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Implementing Byte Stuffing using Java

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  • Difficulty Level : Medium
  • Last Updated : 19 Nov, 2021

Need for Byte-Stuffing 
In variable-size framing at the data link layer, we need to define a way to separate one frame from the next. Byte stuffing is employed to accomplish the task. In byte stuffing an 8-bit flag (‘F’) is added at the beginning and at the end of the frame, thereby distinguishing one frame from the next. Therefore, every time a flag sequence (‘F’) is encountered, it signifies the beginning or end of a frame. This, ingenious scheme, however would give rise to a discrepancy, if the flag pattern (‘F’) would occur within the data carried by the frame itself. Byte stuffing comes to the rescue here, by stuffing the original data with an extra 8-bit escape sequence (‘E’) before the flag pattern, whenever it occurred within the data carried by a frame. The receiver would then have to de-stuff the escape sequence, in order to obtain the original data.
A simple question that might arise at this juncture is, what if the escape sequence (‘E’) formed a part of the data to be sent! This scenario is handled in exactly the same way as described above, i.e an extra 8-bit escape sequence (‘E’) is added to the original data before the escape sequence that formed part of the data.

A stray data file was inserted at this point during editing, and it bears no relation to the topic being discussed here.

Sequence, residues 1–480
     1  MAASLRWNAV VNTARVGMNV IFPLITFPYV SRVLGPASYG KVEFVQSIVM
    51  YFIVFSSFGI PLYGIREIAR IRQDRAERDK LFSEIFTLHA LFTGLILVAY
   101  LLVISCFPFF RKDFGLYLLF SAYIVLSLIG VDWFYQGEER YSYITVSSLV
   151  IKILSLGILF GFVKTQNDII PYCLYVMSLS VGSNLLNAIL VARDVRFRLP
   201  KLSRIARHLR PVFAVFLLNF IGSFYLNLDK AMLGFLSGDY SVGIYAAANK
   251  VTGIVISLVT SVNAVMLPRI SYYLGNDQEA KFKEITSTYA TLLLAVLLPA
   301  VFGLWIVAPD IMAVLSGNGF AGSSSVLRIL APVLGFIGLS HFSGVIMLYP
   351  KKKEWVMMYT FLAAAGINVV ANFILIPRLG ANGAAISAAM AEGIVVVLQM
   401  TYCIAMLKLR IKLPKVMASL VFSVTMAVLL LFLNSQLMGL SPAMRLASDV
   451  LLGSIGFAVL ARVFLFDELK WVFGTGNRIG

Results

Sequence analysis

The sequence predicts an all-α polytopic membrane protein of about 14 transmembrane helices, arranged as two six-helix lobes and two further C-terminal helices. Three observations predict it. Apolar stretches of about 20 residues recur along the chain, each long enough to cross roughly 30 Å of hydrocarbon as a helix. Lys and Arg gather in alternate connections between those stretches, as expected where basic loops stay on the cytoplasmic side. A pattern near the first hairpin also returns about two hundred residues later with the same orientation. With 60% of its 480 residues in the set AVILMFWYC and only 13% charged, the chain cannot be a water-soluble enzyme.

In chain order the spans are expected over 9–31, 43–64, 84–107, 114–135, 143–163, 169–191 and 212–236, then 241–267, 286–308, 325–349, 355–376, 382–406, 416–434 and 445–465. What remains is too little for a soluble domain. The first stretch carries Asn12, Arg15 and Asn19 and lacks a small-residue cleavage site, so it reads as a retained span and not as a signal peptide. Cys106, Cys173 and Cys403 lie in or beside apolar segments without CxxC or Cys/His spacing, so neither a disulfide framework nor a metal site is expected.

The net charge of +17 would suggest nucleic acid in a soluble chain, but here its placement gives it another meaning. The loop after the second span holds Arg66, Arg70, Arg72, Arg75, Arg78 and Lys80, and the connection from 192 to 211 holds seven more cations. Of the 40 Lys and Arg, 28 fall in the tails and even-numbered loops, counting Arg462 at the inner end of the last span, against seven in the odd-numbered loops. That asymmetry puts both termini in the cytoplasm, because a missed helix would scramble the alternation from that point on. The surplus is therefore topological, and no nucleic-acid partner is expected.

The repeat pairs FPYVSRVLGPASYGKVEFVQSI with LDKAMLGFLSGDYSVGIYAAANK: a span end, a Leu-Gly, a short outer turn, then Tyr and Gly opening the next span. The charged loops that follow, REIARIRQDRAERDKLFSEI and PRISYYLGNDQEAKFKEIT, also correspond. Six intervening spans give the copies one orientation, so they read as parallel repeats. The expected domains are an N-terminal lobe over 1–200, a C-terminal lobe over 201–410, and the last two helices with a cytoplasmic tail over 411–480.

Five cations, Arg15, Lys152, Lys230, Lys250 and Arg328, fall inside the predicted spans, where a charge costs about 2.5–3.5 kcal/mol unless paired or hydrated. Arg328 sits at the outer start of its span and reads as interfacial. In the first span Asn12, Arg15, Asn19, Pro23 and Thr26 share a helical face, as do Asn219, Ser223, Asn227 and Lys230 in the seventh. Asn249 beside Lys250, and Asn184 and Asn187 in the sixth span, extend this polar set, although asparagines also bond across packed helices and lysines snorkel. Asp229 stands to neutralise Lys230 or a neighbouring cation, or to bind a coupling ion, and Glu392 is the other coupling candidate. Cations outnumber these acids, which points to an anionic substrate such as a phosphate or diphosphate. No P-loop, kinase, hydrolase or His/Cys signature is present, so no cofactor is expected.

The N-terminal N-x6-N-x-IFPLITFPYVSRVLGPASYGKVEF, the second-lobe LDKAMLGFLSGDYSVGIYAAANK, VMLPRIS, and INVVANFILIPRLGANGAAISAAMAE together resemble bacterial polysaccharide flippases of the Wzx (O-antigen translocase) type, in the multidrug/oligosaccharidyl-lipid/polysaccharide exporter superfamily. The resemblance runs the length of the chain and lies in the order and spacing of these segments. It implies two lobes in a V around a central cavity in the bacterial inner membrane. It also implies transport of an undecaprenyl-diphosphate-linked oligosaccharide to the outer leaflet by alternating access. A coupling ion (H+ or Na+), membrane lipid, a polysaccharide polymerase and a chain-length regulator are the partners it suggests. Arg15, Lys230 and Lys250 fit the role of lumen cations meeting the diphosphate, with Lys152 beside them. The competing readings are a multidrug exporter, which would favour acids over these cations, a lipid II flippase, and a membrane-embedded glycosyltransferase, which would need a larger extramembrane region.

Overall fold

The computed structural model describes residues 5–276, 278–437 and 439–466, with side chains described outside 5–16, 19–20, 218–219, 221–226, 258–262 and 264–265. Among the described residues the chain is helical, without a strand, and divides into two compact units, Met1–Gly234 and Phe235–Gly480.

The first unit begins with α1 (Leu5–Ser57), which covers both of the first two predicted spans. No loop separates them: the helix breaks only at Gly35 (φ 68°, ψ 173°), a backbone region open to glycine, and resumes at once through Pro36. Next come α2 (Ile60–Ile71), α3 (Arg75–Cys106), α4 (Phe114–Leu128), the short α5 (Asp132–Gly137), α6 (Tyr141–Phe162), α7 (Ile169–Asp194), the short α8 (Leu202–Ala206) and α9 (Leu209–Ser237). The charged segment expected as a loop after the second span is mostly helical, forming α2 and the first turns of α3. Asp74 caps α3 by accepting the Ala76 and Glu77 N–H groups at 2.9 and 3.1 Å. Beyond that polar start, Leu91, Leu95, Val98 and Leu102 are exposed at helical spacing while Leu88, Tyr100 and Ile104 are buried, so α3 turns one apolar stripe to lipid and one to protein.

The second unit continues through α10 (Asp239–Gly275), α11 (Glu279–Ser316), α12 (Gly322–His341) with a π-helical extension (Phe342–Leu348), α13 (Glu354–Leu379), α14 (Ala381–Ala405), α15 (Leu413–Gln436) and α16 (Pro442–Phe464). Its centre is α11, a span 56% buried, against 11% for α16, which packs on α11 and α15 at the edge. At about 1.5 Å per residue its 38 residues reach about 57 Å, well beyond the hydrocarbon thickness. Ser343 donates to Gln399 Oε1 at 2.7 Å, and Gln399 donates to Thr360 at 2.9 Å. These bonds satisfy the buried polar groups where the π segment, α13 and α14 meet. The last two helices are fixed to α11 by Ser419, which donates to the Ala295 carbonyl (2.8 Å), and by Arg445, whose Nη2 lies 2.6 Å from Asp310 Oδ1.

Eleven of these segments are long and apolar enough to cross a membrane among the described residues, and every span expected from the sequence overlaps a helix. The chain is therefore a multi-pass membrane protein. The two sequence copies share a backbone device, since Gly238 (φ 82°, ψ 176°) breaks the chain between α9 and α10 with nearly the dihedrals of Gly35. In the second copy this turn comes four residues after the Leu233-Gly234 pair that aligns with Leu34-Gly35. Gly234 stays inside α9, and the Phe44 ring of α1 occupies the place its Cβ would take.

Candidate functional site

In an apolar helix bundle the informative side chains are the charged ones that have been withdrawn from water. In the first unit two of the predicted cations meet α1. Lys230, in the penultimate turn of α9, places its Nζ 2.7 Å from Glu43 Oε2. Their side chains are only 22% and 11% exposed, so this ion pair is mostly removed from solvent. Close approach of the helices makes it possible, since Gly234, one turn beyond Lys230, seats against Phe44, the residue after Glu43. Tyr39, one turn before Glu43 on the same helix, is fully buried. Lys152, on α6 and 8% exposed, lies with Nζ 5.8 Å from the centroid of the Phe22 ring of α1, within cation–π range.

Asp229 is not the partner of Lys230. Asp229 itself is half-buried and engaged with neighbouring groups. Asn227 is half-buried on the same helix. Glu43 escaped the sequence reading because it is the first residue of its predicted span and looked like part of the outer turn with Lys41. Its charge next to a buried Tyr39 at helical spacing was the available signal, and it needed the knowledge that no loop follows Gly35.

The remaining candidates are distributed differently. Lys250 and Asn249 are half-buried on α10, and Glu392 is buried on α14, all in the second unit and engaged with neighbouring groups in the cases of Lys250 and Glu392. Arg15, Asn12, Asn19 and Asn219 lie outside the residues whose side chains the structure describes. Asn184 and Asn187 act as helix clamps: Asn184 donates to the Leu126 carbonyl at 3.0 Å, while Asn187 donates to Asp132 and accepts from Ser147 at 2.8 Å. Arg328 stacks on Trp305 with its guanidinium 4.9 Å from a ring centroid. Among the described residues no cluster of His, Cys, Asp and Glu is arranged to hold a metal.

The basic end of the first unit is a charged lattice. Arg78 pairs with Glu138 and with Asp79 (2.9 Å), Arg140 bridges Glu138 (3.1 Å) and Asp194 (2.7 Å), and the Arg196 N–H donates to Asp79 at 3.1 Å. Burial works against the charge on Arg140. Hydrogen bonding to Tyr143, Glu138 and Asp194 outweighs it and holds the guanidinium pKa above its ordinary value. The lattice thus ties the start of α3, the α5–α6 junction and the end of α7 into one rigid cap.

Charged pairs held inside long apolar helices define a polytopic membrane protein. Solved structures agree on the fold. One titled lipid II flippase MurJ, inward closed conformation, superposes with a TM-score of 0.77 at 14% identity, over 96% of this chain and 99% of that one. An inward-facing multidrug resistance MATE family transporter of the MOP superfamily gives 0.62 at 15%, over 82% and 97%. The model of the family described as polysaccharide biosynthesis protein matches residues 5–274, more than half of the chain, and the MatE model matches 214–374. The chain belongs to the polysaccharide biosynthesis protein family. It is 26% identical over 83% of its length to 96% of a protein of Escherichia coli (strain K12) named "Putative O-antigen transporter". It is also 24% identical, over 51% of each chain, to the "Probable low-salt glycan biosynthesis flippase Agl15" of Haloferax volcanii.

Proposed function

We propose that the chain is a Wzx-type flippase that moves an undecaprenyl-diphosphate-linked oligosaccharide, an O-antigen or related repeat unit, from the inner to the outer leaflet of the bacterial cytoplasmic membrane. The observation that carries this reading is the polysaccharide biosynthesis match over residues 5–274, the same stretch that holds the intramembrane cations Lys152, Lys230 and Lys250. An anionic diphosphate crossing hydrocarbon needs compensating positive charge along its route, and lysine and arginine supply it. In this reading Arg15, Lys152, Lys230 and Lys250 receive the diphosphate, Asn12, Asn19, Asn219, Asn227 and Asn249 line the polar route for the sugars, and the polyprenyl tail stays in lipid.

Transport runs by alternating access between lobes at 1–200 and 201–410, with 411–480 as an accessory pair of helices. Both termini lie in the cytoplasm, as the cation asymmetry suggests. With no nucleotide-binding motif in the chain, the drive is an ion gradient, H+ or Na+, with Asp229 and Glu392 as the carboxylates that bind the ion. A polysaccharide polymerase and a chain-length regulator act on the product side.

In character-oriented protocols, where data to be carried are 8-bit characters, byte stuffing is employed to handle the problems discussed above.
To make things simpler we will consider only three types of byte sequences in the sent data, as : 
F : Flag Sequence 
E : Escape Sequence 
D : Any other Data Sequence 
For Example : 

At Sender Side
Enter the Message to be Sent : 
The data being sent (with byte stuffed) is : FDDEEDEFEFDEEF
Sending Message....
Thanks for the Feedback Server!!

At Receiver Side
Message Received...Successfully!!!
The Stuffed Message is : FDDEEDEFEFDEEF
The Destuffed Message is : DDEDFFDE
Messaging is over.....EXITING

From the above example we can see how the original data is recovered at the receiver end. 
At Sender (Client) Side 

  1. Data of each frame at the sender side, is first stuffed with 8-bit flag sequence (‘F’) at the beginning and end of each frame.
  2. Next, the data is scanned to see if any similar flag sequence (‘F’) forms a part of it or not. If yes, then before each such flag sequence, an extra escape sequence (‘E’) is stuffed.
  3. Now, if any similar escape sequence (‘E’) is found to form a part of the data to be sent, then an extra escape sequence (‘E’) is stuffed before the occurrence of each such escape sequence.
  4. Finally, this stuffed data is sent by the sender.
    1. The receiver skips over the first and last bytes of data received, as they are merely for signalling the beginning and end of one frame, respectively and does not carry any useful data.
    2. From the next byte on wards data is scanned and if two escape sequences (‘E’) are found in succession, the first one is de-stuffed. Similarly, if an escape sequence is followed by a flag sequence (‘F’), the former is de-stuffed.
    3. This strategy helps the receiver recover the actual sent data, accurately.

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